3 Reasons Why Measurements Matter in the Health Industry

3 Reasons Why Measurements Matter in the Health Industry

Approximating a measurement is not sufficient in the world of healthcare. Doctors and nurses rely on the industry to produce precision-grade instruments and products. Let’s briefly look at the health industry and the role accurate measurement plays in product manufacturing, medication dosage, and surgery.

1. Product Manufacturing

Substandard medical products can pose harm to patients and the public in general. The product’s inability to deliver an accurate reading can lead patients to falsely believe their condition is not serious. Sadly, their health may be in severe danger. In turn, if the patient’s health condition is contagious, they could inadvertently put others at risk.

Errors in calculating active ingredients often lead to medicines, vitamins, and supplements having only a fraction of their stated potency. Faulty measurements in healthcare devices also pose a risk. Two such devices are spinal stimulators and insulin pumps.

Spinal stimulators emit an electrical current that interferes with the body’s pain signal. If the signal doesn’t reach the brain, the patient will not register the pain.

Doctors use the devices for a variety of conditions that cause chronic pain, including back injuries. However, if the stimulator incorrectly measures the amount of electricity it emits, it can shock the patient so powerfully that it becomes difficult to perform daily actions, including sleep.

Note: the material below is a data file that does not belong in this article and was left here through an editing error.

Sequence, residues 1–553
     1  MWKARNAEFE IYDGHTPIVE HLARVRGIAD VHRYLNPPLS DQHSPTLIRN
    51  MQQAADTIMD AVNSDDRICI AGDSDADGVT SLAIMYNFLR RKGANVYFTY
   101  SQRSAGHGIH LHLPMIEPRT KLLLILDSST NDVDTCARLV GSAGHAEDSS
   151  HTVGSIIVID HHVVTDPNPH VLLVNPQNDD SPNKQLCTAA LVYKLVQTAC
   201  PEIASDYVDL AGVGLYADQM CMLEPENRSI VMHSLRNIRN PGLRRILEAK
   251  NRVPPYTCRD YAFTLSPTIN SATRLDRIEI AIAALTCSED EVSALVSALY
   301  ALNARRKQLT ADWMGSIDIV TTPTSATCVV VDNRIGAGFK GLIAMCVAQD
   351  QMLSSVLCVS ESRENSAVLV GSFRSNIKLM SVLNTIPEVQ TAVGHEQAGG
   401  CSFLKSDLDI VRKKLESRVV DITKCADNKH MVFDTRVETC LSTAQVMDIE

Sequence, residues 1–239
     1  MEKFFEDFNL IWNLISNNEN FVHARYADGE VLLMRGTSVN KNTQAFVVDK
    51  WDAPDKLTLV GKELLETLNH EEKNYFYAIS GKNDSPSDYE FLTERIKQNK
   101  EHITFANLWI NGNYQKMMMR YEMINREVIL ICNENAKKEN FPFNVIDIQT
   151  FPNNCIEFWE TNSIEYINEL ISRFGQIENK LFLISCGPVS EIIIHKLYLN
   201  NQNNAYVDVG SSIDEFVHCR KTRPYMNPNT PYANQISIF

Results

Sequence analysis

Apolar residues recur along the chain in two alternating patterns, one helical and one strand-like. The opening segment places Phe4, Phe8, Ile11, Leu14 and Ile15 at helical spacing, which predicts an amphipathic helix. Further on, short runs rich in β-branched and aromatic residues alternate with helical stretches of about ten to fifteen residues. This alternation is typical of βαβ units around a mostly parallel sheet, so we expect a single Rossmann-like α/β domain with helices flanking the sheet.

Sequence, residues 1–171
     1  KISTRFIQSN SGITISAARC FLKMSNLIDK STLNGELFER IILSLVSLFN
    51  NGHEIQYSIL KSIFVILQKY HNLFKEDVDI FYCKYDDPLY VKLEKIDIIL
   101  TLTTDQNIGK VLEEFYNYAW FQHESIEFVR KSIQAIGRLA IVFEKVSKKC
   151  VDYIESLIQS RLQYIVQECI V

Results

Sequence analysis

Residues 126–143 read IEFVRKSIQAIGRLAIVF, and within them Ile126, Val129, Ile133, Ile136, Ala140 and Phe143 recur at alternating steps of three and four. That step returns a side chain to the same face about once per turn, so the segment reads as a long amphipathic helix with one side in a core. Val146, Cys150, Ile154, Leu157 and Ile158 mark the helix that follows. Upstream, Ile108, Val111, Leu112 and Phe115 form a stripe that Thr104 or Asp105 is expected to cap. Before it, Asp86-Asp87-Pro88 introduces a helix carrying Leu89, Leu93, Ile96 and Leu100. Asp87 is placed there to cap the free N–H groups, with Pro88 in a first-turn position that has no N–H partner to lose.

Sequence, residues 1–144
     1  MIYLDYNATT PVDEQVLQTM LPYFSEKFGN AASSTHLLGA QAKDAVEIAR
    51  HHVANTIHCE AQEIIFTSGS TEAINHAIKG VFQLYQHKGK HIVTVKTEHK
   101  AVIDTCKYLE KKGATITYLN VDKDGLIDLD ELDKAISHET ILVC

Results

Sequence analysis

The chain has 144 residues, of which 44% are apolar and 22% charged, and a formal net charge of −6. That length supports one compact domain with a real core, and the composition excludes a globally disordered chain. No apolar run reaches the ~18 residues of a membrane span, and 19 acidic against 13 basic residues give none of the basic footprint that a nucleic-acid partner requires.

Likewise, insulin pumps that fail to measure their dosages correctly can lead to harm rather than good. Diabetic patients must receive the correct amount of insulin when the body needs it. Too little insulin is obviously dangerous, but so is too much.

2. Medication Dosage

According to a European study conducted at a teaching college, 14% of medication errors involved measuring the wrong dosage. Most of the mistakes resulted in overdosing.

In the US, medication errors result in thousands of deaths each year. Errors are likely to occur when converting measurements. Failing to convert from imperial units to metric measurements can result in overdosing.

For example, a doctor may base an infant’s medication on the child’s weight. If the child weighs 15 pounds, it weighs only 6.8 kilograms.

However, if no one converts the weight, the dosage may mistakenly be calculated for a child weighing 15 kilograms rather than pounds. That’s more than twice the true weight. Depending on the medication, the error could be deadly.

3. Surgery

It’s common for patients to undergo a measurement of their pupils prior to corrective eye surgery. The size of the pupil can give some indication of the likely success of the operation.

However, measuring pupil size is not as simple as it may sound. Precision instruments are needed to give a correct assessment.

The more information the patients have, the better equipped they are to make a decision about their vision. And of course, the more accurate the data, the better the guidance doctors can offer their patients.

Similarly, accurate measurement is needed for cataract surgery where doctors remove the cataract or clouded lens, then replace it with an artificial one. The new lens needs to be a perfect fit.

The challenge increases due to the unique shape of each person’s eyes. The shape influences the measurement. The doctor wants to gather as many measurements as necessary to formulate the best-fitting lens implant.